- A work permit (employed or self-employed status)
- Proven command of the German language
- Proof of sufficient knowledge of Germany’s legal and social systems and way of life
Managing a company from abroad
Generally speaking, a non-EU citizen may manage a company with headquarters in Germany while abroad, but the following principle applies: He or she must be able to fulfil their duties as a managing director without restriction.
You can define those duties and obligations in a director’s contract. Forming a company does not automatically grant its managing director an unlimited residence permit.
Be sure to verify that your relevant immigration authority allows non-EU nationals to work as the managing director of a company in Germany – otherwise, there may be legal consequences.
The notary appointment often poses a challenge for foreign entrepreneurs. All managing directors absolutely must be present – otherwise, the founding documents cannot be signed. A company’s partners do not have to be present, but they must send an authorised representative (often one of the managing directors) in their place.
If a foreign partner cannot participate in the company’s incorporation appointment, they must provide a notarised proxy form. Generally, this form must be provided in German at the time of the appointment, often making a translation into German necessary.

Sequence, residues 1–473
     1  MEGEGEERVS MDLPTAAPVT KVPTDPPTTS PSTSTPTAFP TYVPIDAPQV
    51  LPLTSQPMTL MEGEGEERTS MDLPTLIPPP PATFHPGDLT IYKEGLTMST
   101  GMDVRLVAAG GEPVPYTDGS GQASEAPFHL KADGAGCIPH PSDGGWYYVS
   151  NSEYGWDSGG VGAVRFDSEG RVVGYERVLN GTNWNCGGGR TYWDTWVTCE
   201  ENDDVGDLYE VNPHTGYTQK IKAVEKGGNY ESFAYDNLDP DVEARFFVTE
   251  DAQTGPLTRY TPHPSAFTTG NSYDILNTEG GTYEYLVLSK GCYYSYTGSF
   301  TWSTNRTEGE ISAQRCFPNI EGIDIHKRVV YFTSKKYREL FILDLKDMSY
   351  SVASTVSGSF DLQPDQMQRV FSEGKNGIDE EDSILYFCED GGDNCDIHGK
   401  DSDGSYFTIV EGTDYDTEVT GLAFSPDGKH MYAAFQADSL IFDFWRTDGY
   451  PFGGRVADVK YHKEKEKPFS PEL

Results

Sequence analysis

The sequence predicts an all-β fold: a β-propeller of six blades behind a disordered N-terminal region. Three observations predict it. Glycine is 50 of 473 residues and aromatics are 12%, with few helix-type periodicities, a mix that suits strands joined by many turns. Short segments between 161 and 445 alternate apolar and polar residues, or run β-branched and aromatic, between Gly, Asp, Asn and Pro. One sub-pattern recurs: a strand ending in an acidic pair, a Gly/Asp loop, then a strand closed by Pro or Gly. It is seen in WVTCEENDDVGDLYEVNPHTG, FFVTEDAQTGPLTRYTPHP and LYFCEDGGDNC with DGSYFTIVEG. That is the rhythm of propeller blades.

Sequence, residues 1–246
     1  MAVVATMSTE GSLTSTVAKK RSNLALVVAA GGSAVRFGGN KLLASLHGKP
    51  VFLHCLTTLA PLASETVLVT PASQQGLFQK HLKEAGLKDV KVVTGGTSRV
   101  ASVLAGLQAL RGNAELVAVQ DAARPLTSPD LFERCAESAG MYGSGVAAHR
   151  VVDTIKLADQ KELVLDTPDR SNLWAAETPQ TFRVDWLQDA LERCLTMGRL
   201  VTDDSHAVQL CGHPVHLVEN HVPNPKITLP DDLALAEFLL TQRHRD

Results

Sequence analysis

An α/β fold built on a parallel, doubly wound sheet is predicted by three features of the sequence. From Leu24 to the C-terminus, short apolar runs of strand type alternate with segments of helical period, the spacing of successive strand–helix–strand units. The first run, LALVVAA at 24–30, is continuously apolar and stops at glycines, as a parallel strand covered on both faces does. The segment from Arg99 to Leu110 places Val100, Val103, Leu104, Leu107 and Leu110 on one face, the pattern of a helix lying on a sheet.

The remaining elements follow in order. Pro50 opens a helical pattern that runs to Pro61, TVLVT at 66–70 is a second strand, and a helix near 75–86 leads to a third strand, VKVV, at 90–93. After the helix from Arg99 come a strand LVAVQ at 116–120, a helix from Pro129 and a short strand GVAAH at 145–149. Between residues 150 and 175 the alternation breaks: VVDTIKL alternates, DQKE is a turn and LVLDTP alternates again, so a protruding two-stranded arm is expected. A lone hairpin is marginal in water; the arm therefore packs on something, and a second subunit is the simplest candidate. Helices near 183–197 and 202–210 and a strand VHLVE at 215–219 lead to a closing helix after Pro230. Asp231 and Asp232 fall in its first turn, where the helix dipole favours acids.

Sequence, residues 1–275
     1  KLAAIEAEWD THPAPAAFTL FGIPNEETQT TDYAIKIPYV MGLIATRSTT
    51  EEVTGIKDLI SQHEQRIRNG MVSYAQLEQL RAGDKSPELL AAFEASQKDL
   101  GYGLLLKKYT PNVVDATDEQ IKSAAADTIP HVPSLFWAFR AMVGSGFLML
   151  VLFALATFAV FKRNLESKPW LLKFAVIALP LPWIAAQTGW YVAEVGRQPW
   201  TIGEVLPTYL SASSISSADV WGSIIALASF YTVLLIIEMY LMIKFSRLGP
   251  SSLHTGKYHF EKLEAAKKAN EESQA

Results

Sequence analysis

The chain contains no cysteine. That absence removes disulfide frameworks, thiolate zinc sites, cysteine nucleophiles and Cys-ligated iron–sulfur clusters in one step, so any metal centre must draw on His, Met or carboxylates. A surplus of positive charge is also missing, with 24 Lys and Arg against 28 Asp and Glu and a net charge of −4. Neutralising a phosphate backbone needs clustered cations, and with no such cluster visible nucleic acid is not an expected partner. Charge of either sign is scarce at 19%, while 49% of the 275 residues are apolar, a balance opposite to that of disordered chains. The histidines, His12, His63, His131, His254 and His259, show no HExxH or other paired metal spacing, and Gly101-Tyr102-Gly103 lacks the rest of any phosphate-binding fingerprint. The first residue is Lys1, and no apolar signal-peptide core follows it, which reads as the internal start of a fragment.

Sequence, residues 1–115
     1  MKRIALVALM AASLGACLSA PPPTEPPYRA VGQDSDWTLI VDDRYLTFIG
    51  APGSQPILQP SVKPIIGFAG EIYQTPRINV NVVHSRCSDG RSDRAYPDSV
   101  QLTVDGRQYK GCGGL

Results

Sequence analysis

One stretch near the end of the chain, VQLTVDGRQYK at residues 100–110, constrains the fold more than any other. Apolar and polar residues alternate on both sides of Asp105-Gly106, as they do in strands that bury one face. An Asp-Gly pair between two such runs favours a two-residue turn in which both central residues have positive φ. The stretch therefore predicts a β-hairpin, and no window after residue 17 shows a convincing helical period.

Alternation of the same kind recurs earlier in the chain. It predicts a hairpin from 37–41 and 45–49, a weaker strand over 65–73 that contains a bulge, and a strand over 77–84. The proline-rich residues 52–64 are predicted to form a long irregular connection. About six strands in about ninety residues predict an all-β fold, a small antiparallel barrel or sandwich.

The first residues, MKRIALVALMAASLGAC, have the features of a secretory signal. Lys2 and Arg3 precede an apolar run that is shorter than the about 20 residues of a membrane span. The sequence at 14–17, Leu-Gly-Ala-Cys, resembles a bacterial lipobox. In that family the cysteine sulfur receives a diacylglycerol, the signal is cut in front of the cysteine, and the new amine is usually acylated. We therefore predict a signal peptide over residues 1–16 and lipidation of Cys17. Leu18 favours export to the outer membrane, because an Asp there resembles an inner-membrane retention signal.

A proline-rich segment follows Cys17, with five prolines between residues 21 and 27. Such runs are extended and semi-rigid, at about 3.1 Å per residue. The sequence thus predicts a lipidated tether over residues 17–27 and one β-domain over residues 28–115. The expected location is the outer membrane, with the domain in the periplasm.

Depending on the proxy form’s country of origin, an apostille or letter of authentication of the translation may be required for the legal processing of the document in Germany.
Forming a company abroad as a German citizen
If you hold German citizenship but will be abroad at the time of your company’s founding and are unable to personally attend the notary appointment, you can authorise a representative to sign the formation documents on your behalf.
After the formation documents are signed, the notary will send you a copy of all relevant documents. This is possible by mail and email.
Afterwards, you’ll need to take the (printed) documents to the German embassy in your country of residence. There, all documents, as well as an authorisation document, will be signed.
It is extremely important to wait until you are in the embassy to sign the documents, as the embassy will notarise them.
The original documents will then be sent to the German notary, where the next steps of your company’s formation will be carried out.
Forming a company in a foreign land can sometimes be like wandering in the dark. We’ve heard lots of stories from international founders who have been tricked by fake commercial register invoices. If you form a company with us, we’ll help avoid all the pitfalls and get you started
The information published on our site is all written and checked by experts with the utmost care. Nevertheless, we cannot guarantee its accuracy, as laws and regulations are subject to constant change. Therefore, always consult an expert in a specific case – we’d be happy to put you in touch.
firma.de does not assume any liability for damages caused by errors in the texts.